Interview with Jessica Tay the Information Security Executive Advisor at KPMG. We discusses whether a privacy charter should be created for the internet to protect our data from being misused or whether we should be embracing the opportunities sharing data brings
In what ways can internet data be misused?
Whilst companies operate within the boundaries of the law, the use of data remains a very grey area around what is perceived to be ethical behaviour rather than the legal infringement of personal privacy.
Misuse of internet data could include tracking browsing on other websites, collating and analysing user social media posts and preferences, cross referencing public and purchased information to build rich pictures of users.
This data can then be used to target consumers via personalised advertisements for a corporation’s and third party products, amended pricing and offerings, and even for analysis to be sold on as a separate product to another company.
On a personal level, when an update is shared on Facebook or Twitter about getting engaged, users wouldn’t expect online banking pages to automatically update to offer deals on joint mortgages. After all, without explicitly updating details with the bank, it isn’t normal for them to have that information.
Users will have different perspectives on this issue – some will feel it provides them value by having their world arranged around them to suit their personal tastes and needs, whilst others will feel uncomfortable with the feeling that their personal privacy has been invaded.
How would an internet charter protect users?
Often where users share data online about themselves, they do so to connect in a purposeful way – for example, LinkedIn for professional purposes, Facebook for sharing with friends and family, etc. The stark reality is that many users have no idea how the data they share online is used. This is beginning to change, but the reality is that even where one becomes aware of the implications of sharing their data, what has already been shared is extremely hard to erase.
With regard to an internet privacy charter, the focus would be to address the issue of companies seeking to use data outside what is directly provided to them by the user.
An internet charter would allow users to identify corporations who are willing to respect the boundaries of personal data privacy and commit to using only data which the user has provided directly.
Companies would need to actively make the decision not to use personal/private data in the public domain or purchase 3rd party data beyond general market trend information.
If an internet privacy charter is put in place, users will enjoy greater personal privacy, experience a reduction targeted marketing to entice them to increase their spend and greater protection should a data breach occur. They will also have freedom of choice to explore new products and items in a way they choose rather than these products being pre-selected for them based on an algorithm. It will encourage users to assess their choices and promote proactive research and questioning.
It draws an important line between the individual and the company – returning balance to the customer/company relationship as there currently is a large imbalance between the two entities. This imbalance exists as companies possess superior resources and information to know a great deal more about the customer (including their personal life) than vice versa.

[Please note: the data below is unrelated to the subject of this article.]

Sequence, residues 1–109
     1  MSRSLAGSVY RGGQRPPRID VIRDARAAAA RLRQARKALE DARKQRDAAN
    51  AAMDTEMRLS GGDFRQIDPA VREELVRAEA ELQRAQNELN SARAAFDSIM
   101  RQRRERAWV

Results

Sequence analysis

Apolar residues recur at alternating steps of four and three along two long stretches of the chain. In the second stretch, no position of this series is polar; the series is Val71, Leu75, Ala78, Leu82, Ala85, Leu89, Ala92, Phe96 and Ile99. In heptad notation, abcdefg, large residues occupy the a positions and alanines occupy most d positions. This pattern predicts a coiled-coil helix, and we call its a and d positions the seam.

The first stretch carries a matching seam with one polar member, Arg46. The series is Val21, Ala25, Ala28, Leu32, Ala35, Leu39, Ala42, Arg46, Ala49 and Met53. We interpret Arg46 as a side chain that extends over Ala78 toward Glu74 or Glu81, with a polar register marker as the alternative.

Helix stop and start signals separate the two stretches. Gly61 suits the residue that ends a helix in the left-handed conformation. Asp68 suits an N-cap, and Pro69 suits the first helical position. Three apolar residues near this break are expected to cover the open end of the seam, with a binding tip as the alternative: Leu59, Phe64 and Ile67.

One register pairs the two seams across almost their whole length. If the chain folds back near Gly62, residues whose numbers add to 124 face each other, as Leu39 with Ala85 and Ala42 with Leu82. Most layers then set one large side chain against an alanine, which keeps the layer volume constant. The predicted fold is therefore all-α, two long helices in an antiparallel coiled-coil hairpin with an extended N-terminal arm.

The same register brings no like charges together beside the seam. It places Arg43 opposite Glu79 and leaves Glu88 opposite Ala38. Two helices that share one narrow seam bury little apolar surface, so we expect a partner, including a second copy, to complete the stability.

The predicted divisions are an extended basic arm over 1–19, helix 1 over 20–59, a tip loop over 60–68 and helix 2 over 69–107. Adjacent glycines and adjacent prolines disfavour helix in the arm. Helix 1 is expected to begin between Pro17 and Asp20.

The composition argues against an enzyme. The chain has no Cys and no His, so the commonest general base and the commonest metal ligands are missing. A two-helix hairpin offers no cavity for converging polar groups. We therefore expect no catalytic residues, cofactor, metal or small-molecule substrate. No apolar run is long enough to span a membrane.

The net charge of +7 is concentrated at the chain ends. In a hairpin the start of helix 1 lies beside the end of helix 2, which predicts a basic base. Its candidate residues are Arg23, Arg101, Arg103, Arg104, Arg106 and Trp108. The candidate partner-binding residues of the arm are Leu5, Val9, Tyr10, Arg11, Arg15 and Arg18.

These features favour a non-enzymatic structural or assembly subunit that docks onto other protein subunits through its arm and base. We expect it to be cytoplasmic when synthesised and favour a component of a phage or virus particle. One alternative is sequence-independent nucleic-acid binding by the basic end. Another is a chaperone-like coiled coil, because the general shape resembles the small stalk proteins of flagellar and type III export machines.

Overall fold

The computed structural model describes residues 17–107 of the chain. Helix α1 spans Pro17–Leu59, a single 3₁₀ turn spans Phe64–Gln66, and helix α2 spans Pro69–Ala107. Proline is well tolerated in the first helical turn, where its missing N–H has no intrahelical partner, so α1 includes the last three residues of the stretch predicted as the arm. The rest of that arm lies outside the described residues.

To draw a parallel, it’s a bit like an employer knowing everything about an employee’s personal life by assessing data available in the public domain, i.e. “John, I noticed your night out with your friends was cancelled today on Facebook so I presume you have time to stay late to help out with this project”.
What are the main benefits to companies who choose to adopt a privacy charter?
Companies owe a duty of care to their shareholders to generate sales, growth, and profit and to provide value for their owners. The debate regarding a privacy charter therefore needs to be built upon not only ethical but monetary grounds to ascribe benefits to the business rather than just being perceived as additional cost and regulatory pressures on the business.
The main benefit to companies adopting such a charter will be reputational – being seen to be a daring forerunner in rebuilding the bridges of trust between companies and the individual.
Information available on users is now at unprecedented levels and is difficult for the individuals to truly restrict what a company chooses to do with this from a business context. There is fatigue around the lack of trust between the consumer and the corporation – questions around the integrity of business processes and the lack of concern for the individual and the unwavering focus on profits and sales with a high cost to the consumer.
Adopting a privacy charter would also be akin to going organic or making a stance to source goods ethically – a statement to the customer that the business respects the individual and the boundaries that exist between what is personal and what is truly public. The choices of how to use the information available now rest more with the corporation than with the individual due to the difficulty of control by the user.